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Concealed Permit: Shall Issue to Residents Only
Issuing Authority: Kansas Attorney General Individuals who wish to apply for a Kansas CCH license must apply at the sheriff’s office in the county where they live, regardless of whether they downloaded an application or obtained an application from the sheriff.
Out Of State Permit Issue: Kansas does not issue permits to non-residents.
NICS/Background Check: NICS: Yes The sheriff shall provide for the full set of fingerprints of the applicant to be taken and forwarded to the attorney general for the purposes of a criminal history records check. Each applicant shall be subject to a state and national criminal history records check for the purpose of verifying the identity of the applicant and whether the applicant has been convicted of any crime that would disqualify the applicant from holding a license. The attorney general, for the purposes of determining the applicant’s eligibility only, may access criminal records that have been expunged by the court.
Permit Valid For: The permit is valid for four (4) years from the date of issuance.
Permit Issued Timeline: The attorney general has 180 days to issue or deny the license.
Cost: $150 total: Acquire two cashier’s checks or money orders made payable to the county Sheriff ($40) and the Kansas Attorney General ($110).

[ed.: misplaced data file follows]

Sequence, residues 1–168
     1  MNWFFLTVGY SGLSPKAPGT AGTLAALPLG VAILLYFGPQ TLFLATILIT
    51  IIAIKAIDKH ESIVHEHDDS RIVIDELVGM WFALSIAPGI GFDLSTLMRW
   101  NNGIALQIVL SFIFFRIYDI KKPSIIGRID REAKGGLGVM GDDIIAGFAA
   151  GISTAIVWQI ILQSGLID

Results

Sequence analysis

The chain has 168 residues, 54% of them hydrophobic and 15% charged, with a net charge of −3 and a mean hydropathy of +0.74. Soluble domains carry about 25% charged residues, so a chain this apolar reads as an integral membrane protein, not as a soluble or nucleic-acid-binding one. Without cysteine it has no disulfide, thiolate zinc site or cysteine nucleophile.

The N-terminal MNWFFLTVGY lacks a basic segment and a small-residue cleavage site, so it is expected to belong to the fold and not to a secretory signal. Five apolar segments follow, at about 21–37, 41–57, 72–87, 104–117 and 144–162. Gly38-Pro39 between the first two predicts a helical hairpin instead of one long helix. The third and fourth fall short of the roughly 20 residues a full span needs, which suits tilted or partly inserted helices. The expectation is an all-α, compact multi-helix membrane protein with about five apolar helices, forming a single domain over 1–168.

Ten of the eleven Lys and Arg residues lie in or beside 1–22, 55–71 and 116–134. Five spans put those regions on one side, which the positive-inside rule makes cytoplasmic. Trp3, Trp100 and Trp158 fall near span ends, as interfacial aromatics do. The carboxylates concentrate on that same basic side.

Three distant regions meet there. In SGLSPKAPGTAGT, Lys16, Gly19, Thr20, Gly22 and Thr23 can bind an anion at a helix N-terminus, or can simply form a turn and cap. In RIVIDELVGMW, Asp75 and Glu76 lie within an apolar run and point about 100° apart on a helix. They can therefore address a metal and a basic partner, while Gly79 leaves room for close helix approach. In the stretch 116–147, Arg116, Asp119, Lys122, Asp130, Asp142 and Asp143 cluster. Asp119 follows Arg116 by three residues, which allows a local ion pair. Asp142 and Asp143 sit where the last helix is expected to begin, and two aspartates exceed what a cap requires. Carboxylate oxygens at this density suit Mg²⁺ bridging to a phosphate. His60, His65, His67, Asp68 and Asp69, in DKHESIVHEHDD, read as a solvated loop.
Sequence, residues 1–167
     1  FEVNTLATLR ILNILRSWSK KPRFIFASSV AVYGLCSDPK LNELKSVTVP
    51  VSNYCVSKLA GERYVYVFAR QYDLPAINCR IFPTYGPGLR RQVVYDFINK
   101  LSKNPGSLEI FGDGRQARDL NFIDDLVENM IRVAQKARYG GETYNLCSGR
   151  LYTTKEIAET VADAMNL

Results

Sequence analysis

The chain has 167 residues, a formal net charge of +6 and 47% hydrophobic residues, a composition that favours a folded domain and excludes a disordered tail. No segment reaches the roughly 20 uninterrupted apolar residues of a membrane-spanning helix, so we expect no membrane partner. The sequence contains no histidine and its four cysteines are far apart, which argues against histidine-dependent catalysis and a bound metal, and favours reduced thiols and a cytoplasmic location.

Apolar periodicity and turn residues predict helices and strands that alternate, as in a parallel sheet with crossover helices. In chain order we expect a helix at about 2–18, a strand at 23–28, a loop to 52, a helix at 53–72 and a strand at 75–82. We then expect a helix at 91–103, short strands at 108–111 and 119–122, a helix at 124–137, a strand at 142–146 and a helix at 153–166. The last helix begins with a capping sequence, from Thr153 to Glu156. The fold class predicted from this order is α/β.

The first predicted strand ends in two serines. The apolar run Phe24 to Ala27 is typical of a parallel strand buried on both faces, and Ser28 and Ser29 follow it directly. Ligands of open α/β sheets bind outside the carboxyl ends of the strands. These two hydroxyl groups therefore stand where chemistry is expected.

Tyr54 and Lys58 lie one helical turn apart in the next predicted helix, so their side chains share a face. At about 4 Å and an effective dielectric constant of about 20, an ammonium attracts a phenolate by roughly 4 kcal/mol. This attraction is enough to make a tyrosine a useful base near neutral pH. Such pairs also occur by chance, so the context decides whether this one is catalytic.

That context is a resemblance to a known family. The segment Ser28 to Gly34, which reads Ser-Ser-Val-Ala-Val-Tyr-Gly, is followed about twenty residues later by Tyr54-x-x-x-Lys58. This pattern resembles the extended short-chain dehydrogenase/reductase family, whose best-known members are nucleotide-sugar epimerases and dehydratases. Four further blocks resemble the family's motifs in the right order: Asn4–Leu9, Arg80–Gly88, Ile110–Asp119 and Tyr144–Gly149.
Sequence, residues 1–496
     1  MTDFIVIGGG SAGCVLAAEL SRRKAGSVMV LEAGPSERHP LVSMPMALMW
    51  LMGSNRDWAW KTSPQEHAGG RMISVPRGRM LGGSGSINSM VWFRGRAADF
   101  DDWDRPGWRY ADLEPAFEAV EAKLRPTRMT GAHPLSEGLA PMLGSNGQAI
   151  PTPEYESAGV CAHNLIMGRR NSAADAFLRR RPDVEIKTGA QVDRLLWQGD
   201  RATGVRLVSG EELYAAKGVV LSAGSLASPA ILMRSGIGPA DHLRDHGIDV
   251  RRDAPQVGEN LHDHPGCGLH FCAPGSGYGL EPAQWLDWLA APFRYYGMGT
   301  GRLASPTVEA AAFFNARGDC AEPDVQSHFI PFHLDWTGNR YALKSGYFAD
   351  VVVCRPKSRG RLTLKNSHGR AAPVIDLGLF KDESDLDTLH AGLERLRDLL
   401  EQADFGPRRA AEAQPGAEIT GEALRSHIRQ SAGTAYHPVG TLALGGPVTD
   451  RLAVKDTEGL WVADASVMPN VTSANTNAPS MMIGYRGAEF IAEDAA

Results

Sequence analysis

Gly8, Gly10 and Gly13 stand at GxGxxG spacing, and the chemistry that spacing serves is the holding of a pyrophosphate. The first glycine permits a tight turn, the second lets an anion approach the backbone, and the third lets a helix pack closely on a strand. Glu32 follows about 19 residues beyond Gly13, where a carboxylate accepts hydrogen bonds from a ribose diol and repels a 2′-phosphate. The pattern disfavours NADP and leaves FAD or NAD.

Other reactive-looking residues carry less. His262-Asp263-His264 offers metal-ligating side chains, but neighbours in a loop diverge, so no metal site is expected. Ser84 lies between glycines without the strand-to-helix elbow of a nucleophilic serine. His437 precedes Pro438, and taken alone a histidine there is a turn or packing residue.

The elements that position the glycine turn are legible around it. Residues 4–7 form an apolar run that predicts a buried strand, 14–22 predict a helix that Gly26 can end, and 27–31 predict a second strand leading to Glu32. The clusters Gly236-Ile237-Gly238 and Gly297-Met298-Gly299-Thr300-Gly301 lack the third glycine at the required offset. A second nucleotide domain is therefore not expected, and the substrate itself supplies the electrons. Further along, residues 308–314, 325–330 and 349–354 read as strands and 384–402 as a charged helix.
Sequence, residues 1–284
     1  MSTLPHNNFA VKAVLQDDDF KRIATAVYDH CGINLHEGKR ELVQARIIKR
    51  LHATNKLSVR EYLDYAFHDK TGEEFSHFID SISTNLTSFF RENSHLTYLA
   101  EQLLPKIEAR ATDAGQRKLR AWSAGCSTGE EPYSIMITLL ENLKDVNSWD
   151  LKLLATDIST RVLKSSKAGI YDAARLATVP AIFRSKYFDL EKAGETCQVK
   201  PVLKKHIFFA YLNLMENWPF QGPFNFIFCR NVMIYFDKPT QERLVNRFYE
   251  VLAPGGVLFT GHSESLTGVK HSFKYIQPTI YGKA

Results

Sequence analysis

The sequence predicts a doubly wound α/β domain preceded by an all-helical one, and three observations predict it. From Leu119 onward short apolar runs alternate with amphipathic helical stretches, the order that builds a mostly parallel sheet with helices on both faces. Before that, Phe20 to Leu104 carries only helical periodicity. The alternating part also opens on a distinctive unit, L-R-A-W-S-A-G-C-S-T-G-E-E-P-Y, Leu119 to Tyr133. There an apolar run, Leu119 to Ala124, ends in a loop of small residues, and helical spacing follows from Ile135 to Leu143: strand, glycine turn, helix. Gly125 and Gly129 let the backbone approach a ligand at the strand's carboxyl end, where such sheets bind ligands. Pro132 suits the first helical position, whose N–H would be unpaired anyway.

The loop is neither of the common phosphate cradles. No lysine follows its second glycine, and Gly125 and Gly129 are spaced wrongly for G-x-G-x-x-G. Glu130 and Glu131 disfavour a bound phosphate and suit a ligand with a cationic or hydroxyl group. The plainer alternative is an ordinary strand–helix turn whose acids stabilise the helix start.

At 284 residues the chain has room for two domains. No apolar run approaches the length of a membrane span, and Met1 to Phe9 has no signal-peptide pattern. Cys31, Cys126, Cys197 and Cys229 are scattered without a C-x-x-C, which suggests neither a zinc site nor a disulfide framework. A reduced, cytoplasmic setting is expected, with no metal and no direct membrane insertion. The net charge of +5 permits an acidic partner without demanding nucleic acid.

Lost or Destroyed Permit: Within 30 days after changing any permanent address, or within 30 days after having a license lost or destroyed, the licensee shall notify the attorney general of such change, loss, or destruction. Failure to notify the attorney general may result in the imposition of a fine or revocation of the license. in the event that a concealed weapon license is lost or destroyed, the license shall be automatically invalid. A duplicate may be obtained at a cost of $15, after the licensee furnishes the attorney general with a notarized statement of the loss or destruction.
Informing Law Enforcement of Carry: Under the KPFPA, if at any time a law enforcement officer asks the licensee if he/she is a CCH license holder or asks if the licensee is carrying a firearm, the licensee must display the license.
Verification by law enforcement that a person holds a valid license to carry a concealed weapon may be accomplished by a record check using the person’s vehicle tag and driver’s license information.
All CCH licensees will be required to have their CCH license with them at any time they are actually carrying a firearm concealed. Failure to do so could result in the licensee having his/her CCH license suspended or revoked and could result in criminal charges.
Automobile carry: People with a concealed weapon permit may carry in the car loaded anywhere in reach of the permit holder. Under state law, loaded firearms may be carried in plain view, glove compartment or vehicle storage compartments but some localities may regulate this aspect stricter.